NIAGARA FALLS, N.Y. — Kaitlynn McHenry misses chatting with passengers, as she’s done on other tour boats.
Then again, maybe it’s good she isn’t distracted.
The Niagara River, beneath the misty waters of the mighty Niagara Falls, “is not a very easy body of water to be operating in,” she said.
“The task at hand needs complete focus a lot of times,” said McHenry. “At the same time, what I kind of miss, once in a while, is interacting with the passengers because we do feel sort of removed. But they’re not here to see us.”
McHenry is the first female captain for Maid of the Mist Corp., which is operating its Niagara Falls tours in its 135th season.
McHenry, who took on her role on June 26, began her career on the water as a teenager when she was invited by a family who owned a tour boat in Rochester to earn some extra money as a deckhand. She was planning at the time to head off to pharmacy college at the State University of New York at Buffalo.
Her plans changed. “I dropped out of school and got my captain’s license, and my parents only cried for a little while,” she said.
McHenry said she was attracted to the Maid of the Mist for the challenge of maneuvering a boat through the international waters for the delight of thousands of tourists a day. The cruises give her an up-close view of both the American Falls and Canadian Horseshoe Falls.
“As far as just boat handling in general, it is challenging,” she said during a recent tour. “We’re running the boat into the Horseshoe, that’s the main attraction, that’s what we’re here to do.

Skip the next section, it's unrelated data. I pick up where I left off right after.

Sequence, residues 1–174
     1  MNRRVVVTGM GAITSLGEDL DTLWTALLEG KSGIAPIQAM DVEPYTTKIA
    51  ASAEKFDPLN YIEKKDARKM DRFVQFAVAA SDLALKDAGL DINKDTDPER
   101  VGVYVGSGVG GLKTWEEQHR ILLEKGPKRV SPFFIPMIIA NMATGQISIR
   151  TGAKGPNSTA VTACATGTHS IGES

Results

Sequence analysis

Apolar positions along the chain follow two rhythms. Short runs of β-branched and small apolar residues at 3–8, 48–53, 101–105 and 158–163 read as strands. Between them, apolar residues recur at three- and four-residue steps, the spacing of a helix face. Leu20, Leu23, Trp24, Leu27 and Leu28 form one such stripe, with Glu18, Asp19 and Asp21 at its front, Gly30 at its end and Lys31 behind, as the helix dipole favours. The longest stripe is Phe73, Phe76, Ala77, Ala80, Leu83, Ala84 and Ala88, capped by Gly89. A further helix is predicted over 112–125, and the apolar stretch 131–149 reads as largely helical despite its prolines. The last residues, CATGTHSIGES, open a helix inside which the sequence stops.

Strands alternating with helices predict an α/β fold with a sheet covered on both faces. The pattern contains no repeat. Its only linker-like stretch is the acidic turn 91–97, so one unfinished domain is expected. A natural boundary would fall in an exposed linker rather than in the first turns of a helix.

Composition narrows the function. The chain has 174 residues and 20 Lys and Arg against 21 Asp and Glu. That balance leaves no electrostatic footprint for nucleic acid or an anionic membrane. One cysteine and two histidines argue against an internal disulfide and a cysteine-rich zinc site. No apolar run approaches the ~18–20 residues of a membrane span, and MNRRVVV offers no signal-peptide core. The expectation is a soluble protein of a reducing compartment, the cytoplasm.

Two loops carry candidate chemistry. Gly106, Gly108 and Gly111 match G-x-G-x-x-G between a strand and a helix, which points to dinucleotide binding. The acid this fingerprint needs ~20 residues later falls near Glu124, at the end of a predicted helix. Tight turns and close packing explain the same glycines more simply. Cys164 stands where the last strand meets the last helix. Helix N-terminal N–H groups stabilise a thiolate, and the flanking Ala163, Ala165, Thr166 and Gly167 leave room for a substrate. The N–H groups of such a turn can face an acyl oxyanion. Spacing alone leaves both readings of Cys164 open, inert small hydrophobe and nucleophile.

“We take people right to the base of the falls,” she said. “It’s not always the easiest maneuvering, and it’s what keeps it interesting. It’s what keeps it fun.”
Some days water levels are high, causing intense currents. Other days, like on a recent Monday when she talked about her job, the water level can be down several feet, creating a completely different situation.
This shortened season has been an unusual one, with its social distancing and other steps implemented by Maid of the Mist to protect passengers from COVID-19.
The closure of the Canadian border to non-essential traffic has also affected the business, which McHenry said is operating with less than half its usual number of passengers. In a regular summer, she said, an “incredible volume of people” are drawn to the falls and the tours, even mid-week.
For now, McHenry said she’s glad to be here, serving as captain of a boat that’s one of the most iconic of its kind in all the world.
“Even at half-capacity, we’ll take it,” she said. “This is great.”